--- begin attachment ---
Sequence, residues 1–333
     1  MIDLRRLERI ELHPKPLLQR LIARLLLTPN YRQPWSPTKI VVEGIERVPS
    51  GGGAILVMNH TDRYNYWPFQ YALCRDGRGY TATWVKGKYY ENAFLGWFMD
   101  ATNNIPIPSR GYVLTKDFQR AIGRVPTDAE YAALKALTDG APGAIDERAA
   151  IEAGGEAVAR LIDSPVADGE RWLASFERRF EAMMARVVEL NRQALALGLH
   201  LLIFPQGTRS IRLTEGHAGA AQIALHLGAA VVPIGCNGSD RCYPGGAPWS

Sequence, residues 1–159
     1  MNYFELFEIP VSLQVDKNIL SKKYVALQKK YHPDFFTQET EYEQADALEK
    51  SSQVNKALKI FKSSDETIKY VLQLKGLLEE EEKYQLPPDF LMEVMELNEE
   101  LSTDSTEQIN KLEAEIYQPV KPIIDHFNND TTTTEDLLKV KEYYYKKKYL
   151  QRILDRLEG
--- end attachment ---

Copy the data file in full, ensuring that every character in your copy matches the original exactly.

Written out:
Sequence, residues 1–333
     1  MIDLRRLERI ELHPKPLLQR LIARLLLTPN YRQPWSPTKI VVEGIERVPS
    51  GGGAILVMNH TDRYNYWPFQ YALCRDGRGY TATWVKGKYY ENAFLGWFMD
   101  ATNNIPIPSR GYVLTKDFQR AIGRVPTDAE YAALKALTDG APGAIDERAA
   151  IEAGGEAVAR LIDSPVADGE RWLASFERRF EAMMARVVEL NRQALALGLH
   201  LLIFPQGTRS IRLTEGHAGA AQIALHLGAA VVPIGCNGSD RCYPGGAPWS

Sequence, residues 1–159
     1  MNYFELFEIP VSLQVDKNIL SKKYVALQKK YHPDFFTQET EYEQADALEK
    51  SSQVNKALKI FKSSDETIKY VLQLKGLLEE EEKYQLPPDF LMEVMELNEE
   101  LSTDSTEQIN KLEAEIYQPV KPIIDHFNND TTTTEDLLKV KEYYYKKKYL
   151  QRILDRLEG